Before David has even raised his head off of the pillow, the torture begins again: This is wrong, and that is wrong. He tosses himself into a sitting position on the side of the bed, and a minute later something else appears wrong. His life isn’t the way it should be–he knows it! His mind tells him so. He goes to the washroom, and as he prepares for work more negative thoughts enter his mind. His life is full of wrongness. It’s just the way David’s life is…or so he thinks.
What David doesn’t realize is that life has nothing against him. In fact, it’s on his side. The evidence is all about him, if he’d only stop, pay attention, and see clearly. His heart beats, circulating blood, without any effort on his part. His lungs expand and contract beautifully, without any prompting from him. His digestion, too, especially when he’s not stewing about the sad state of the world, functions perfectly. All occurs with neither his consent nor participation. Still, however, David thinks that his life is wrong. His mind incessantly informs him of the seemingly-so fact.
How David would love to have a better life. He’s read many of the self improvement books. If he does this, he will be happy. If he rearranges his life that way, he will be happier still. Such-And-Such expert advises to do this; So-And-So psychologist concurs. For years, David has been studying personal transformation–how to become one of those blessed people who just fall into good luck. He desperately hopes that another night course, another book, or another counsellor may offer relief.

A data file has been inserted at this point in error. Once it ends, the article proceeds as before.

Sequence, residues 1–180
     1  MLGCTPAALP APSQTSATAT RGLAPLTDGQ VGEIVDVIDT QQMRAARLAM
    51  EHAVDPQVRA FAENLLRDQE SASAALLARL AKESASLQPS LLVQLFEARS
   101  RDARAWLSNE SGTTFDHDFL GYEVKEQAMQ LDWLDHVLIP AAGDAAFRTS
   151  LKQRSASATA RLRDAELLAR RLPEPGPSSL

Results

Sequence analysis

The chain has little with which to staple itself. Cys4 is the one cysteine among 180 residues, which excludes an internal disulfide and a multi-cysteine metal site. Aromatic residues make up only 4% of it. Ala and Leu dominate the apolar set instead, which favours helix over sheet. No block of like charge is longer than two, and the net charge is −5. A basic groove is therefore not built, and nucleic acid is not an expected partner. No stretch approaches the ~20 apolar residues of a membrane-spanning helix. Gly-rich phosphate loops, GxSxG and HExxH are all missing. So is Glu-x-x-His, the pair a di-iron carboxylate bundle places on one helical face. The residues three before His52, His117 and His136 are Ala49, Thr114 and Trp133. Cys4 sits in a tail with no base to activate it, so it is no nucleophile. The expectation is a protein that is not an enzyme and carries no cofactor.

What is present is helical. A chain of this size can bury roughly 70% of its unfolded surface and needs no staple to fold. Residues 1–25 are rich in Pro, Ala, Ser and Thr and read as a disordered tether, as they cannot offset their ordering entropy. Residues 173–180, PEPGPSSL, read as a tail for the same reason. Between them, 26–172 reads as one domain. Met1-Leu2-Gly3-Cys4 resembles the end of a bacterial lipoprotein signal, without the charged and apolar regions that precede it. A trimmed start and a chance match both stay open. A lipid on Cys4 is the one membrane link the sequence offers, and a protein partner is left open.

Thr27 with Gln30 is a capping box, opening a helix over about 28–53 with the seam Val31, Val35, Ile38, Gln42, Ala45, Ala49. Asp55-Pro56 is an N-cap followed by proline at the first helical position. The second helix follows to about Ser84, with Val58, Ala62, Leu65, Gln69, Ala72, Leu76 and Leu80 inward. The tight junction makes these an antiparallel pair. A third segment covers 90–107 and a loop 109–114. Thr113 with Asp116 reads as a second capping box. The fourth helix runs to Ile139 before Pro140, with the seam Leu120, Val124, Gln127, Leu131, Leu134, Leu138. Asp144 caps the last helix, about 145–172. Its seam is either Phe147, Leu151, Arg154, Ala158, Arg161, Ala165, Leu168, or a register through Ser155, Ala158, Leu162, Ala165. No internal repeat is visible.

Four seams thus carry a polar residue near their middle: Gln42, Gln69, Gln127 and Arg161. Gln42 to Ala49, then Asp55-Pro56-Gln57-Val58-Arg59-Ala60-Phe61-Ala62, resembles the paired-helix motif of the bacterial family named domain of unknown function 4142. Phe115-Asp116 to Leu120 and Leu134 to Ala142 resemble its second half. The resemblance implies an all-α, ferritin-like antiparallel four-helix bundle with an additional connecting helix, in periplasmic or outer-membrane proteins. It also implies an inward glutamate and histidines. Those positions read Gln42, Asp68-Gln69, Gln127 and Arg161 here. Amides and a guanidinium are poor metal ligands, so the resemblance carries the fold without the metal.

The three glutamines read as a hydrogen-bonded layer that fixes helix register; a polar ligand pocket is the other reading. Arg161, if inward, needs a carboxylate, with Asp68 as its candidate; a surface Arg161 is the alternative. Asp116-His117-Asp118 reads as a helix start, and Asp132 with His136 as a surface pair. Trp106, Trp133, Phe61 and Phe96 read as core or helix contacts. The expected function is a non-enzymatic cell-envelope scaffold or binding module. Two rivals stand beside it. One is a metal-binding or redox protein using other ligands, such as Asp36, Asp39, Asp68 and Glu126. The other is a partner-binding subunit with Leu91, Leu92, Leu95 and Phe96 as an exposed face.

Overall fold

Here’s the truth: There’s nothing wrong with David’s life beyond his mind’s compulsive habit of labeling it wrong! If his life were left alone, free of the continuous negative rattling of his mind, there would only be isness. His job, his divorce, his finances, and his state of health are not wrong. All are only isness–empty except for the meaning that he, himself, gives them. Only in David’s mind does such become a problem. The joy he seeks is so very close. If only he knew.
David has no clue that his suffering is self imposed. Life isn’t doing it to him; his ego (the conceptual self) is the cause. David has lost touch with the awareness (so natural in children) that exists prior to mind. For David to heal, a break from the compulsive chatter of his mind must occur. The problem is he thinks that thinking can offer a solution–when, in fact, it is the I-Thought that actually is the problem! As a wise person once said, it’s like trying to remove blood with a bloody rag.
The solution? Stillness, first of body and then of mind. If David can catch a glimpse of life beyond the realm of thinking, the clear and luminous essence of his true self will have a chance to shine through and be recognized. As advised in spiritual teachings, he would also be wise to pose this question: Who am I? Such can stop the mind in its tracks and lead to great revelation. Do we–as in David’s case–desire a healthier, happier life? Do we yearn to break free from the destructive side of thinking? Do we desire to reconnect with our true self, and create from a state of innate peace and joy? If so, now is the perfect opportunity to still our mind and ask the question. The answer may surprise.
Dare to dream.
With heartfelt regards,
Copyright © – 2017 – R. Arthur Russell
P.S. To view my ebook entitled Hold That Thought, please press here.